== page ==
Coronatella hardingi ( Brehm, 1957 )

Damme, Kay Van, 2016, Not “ Alona ” monacantha Sars, 1901, but Coronatella hardingi (Brehm, 1957) (Crustacea: Branchiopoda: Cladocera) in the Afrotropics, Zootaxa 4139 (2), pp. 221-232 : 223-230

publication ID 10.11646/zootaxa.4139.2.6

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Coronatella hardingi ( Brehm, 1957 )


Coronatella hardingi ( Brehm, 1957)

( Figs 1–5 View FIGURE 1 View FIGURE 2 View FIGURE 3 View FIGURE 4 View FIGURE 5 )

Alona hardingi Brehm, 1957 in Smirnov (1971) View in CoL ; Alona monacantha Sars, 1901 in Harding (1957) View in CoL , Dumont (1981), Kořínek (1984), Rey & St-Jean (1968). Alona rectangula var. monacantha in Daday (1910) View in CoL . non Alona anodonta Daday, 1905 in Daday (1905) View in CoL

Type locality. In Harding (1957): “ marshy pond (étang marécageux) at Kioko-Nyumba, local name Ludjinge. 17.VIII.1947 ”. This locality is assumed to be in DR Congo, at approximately 05°50’S 28°24’E ( Karanovic 2012)

Material examined. Numerous parthenogenetic females, Moremi Reserve, Chief’s Island, in Hippo Grass, Okavango Delta, Botswana. Coll. H.J. Dumont & R. Hart, 20.VII. 2006. 25 parthenogenetic females, Moramanga, Madagascar, Coll. H.J. Dumont, 2006. 20 parthenogenetic females, three ephippial females and one male from Arbolle, Ivory Coast, West Africa. Leg. Van Cotthem, 09.VIII.1988. All samples of this collection are housed at the Royal Belgian Institute for Natural Sciences, Brussels under the Accession Number RBIN INV IG 32.094.

Redescription. Adult parthenogenetic female. Habitus ( Figs 1 View FIGURE 1 A & 2A–D). Small to medium animals, average 0.36mm, size ranging between 0.24–0.44mm. Body 1.5 times as long as high. Body oval-rectangular, evenly curved dorsum, not strongly arched ( Figs 1 View FIGURE 1 A & 2A–D). In lateral view, rostral tip not reaching beyond ventral carapace margin. Ventral carapace margin rather straight, deepest point near middle ( Figs 1 View FIGURE 1 A & 2A). Posteroventral corner strongly angular, with a straight line between the implantation of the denticle to the higher posterior valve corner ( Figs 1 View FIGURE 1 A, 2A&F). Dorsal keel absent.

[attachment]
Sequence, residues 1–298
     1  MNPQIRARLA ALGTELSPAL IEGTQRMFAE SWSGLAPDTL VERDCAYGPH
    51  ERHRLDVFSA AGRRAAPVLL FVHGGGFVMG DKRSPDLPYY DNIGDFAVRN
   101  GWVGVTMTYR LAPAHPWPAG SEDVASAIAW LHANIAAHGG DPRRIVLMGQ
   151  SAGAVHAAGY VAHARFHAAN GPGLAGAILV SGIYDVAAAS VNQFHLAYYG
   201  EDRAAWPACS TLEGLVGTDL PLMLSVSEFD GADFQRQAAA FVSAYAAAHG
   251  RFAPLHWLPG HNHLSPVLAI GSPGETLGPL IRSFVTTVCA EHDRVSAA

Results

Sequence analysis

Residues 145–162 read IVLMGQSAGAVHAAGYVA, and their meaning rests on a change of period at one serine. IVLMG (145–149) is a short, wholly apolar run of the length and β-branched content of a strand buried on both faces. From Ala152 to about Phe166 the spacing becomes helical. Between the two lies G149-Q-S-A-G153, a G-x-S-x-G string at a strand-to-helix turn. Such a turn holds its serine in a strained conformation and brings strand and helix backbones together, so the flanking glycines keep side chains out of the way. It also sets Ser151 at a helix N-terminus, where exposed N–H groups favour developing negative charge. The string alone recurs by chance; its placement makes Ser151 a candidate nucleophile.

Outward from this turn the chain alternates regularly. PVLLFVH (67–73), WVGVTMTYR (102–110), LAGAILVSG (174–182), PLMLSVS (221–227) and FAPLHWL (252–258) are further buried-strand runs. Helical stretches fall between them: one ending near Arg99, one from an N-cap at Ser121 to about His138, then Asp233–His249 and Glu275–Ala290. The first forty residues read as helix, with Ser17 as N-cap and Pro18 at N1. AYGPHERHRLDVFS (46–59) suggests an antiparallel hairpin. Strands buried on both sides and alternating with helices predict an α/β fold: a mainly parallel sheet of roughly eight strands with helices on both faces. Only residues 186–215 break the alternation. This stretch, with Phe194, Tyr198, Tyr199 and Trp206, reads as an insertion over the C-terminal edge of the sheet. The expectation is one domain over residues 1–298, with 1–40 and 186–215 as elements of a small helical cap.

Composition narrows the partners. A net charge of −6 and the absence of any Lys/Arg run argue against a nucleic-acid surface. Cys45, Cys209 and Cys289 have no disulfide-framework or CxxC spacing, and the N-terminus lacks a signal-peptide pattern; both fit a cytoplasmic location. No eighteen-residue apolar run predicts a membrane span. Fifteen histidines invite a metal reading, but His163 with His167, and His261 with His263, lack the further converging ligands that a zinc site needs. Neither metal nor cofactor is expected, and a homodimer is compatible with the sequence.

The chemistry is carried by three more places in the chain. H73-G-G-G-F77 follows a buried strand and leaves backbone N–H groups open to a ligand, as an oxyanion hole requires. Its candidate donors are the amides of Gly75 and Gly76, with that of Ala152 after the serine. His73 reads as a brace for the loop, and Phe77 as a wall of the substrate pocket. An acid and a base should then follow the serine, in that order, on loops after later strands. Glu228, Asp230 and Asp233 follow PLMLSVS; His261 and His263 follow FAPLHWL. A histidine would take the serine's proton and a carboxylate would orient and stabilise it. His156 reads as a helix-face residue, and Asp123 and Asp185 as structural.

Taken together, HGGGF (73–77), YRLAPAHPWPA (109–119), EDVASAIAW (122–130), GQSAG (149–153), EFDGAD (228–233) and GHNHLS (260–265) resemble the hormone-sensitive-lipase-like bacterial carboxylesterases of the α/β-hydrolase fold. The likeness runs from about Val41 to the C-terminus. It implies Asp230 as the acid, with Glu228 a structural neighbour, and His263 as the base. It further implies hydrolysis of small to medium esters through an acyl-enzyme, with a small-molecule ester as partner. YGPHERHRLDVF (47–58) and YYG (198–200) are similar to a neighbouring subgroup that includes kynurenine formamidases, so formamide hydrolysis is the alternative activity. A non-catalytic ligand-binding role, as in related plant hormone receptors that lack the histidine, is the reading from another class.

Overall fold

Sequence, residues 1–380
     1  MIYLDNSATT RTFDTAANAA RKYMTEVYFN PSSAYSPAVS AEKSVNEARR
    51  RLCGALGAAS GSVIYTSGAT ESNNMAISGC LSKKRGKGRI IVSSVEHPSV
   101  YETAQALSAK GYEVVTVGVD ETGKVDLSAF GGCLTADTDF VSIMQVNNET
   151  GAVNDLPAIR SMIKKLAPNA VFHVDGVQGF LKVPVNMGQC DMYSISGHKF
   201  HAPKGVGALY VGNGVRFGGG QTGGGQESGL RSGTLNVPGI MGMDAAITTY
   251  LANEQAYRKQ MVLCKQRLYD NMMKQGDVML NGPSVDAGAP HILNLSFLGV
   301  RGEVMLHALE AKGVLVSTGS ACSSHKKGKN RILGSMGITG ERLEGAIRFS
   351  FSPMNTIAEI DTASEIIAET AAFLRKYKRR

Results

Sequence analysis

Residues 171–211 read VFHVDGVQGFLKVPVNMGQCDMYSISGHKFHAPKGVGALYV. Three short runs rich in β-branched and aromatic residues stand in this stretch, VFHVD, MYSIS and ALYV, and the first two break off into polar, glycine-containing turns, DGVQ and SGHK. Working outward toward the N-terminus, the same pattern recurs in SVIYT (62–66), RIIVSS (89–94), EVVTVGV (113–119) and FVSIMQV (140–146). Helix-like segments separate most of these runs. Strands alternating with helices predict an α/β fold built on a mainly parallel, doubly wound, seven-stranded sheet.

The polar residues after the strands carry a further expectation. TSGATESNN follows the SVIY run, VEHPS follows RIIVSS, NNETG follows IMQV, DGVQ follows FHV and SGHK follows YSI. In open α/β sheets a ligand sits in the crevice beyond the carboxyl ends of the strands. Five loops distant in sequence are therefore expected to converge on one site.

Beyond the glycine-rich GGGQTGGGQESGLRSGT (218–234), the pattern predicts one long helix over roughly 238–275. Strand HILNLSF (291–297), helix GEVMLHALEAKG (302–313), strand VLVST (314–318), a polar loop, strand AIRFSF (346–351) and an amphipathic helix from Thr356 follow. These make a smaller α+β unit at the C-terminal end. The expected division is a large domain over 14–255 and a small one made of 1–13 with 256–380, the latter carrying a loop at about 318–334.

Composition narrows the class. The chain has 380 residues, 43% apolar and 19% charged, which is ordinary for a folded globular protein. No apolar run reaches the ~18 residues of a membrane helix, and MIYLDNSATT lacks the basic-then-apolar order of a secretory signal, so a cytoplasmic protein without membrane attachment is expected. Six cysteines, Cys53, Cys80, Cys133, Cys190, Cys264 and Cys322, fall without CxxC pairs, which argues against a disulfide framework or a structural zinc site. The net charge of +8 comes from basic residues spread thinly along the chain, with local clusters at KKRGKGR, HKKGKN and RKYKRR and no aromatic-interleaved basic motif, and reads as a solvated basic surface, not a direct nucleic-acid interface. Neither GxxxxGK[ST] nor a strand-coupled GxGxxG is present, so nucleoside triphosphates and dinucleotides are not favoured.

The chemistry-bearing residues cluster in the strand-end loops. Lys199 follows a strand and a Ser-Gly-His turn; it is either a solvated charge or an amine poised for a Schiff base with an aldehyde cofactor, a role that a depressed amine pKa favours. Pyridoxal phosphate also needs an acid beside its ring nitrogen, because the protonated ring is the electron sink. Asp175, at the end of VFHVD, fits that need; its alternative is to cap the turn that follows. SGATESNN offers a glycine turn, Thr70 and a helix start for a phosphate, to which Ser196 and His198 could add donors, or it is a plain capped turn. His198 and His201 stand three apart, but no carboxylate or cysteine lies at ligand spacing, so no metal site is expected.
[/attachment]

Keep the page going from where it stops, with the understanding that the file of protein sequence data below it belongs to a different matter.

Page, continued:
Head. Ocellus smaller than eye, little closer to latter than to rostrum ( Figs 1 View FIGURE 1 A & 2C). Well developed rostrum, rounded. Aesthetascs of the first antenna projecting laterally of rostrum and beyond ( Fig. 2 View FIGURE 2 A). Three main head pores ( Fig. 2 View FIGURE 2 E) of similar size, narrowly connected. PP distance one third of IP distance, lateral pores one to 1.5 IP distance from midline and just posterior from main pores.

Carapace ( Figs 1 View FIGURE 1 A & 2C–D). Ornamentation with parallel striation, tubercles (verrucae), or any intermediate forms. Tubercles arranged in rows, gradually changing into striae, in some specimens either one of both. Marginal setae 38–45, differentiated into three groups ( Figs 1 View FIGURE 1 A & 2A), none exceedingly long. Anterior group about as long as posterior group, median group shortest. Posterior group slightly stronger and longer ( Fig. 1 View FIGURE 1 A). Setae with fine setulae, not strongly decreasing in size towards the posteroventral corner, followed by one to two strong denticles ( Figs 1 View FIGURE 1 A, 2A&F). In several specimens, the number of denticles may be asymmetric, i.e. one valve having a single denticle, the other two. In several specimens from Madagascar, denticle was absent. Posteroventral angle relatively high, and at some distance from the denticle ( Fig. 1 View FIGURE 1 A). Small setulae at some distance from posterior margin ( Fig. 2 View FIGURE 2 F).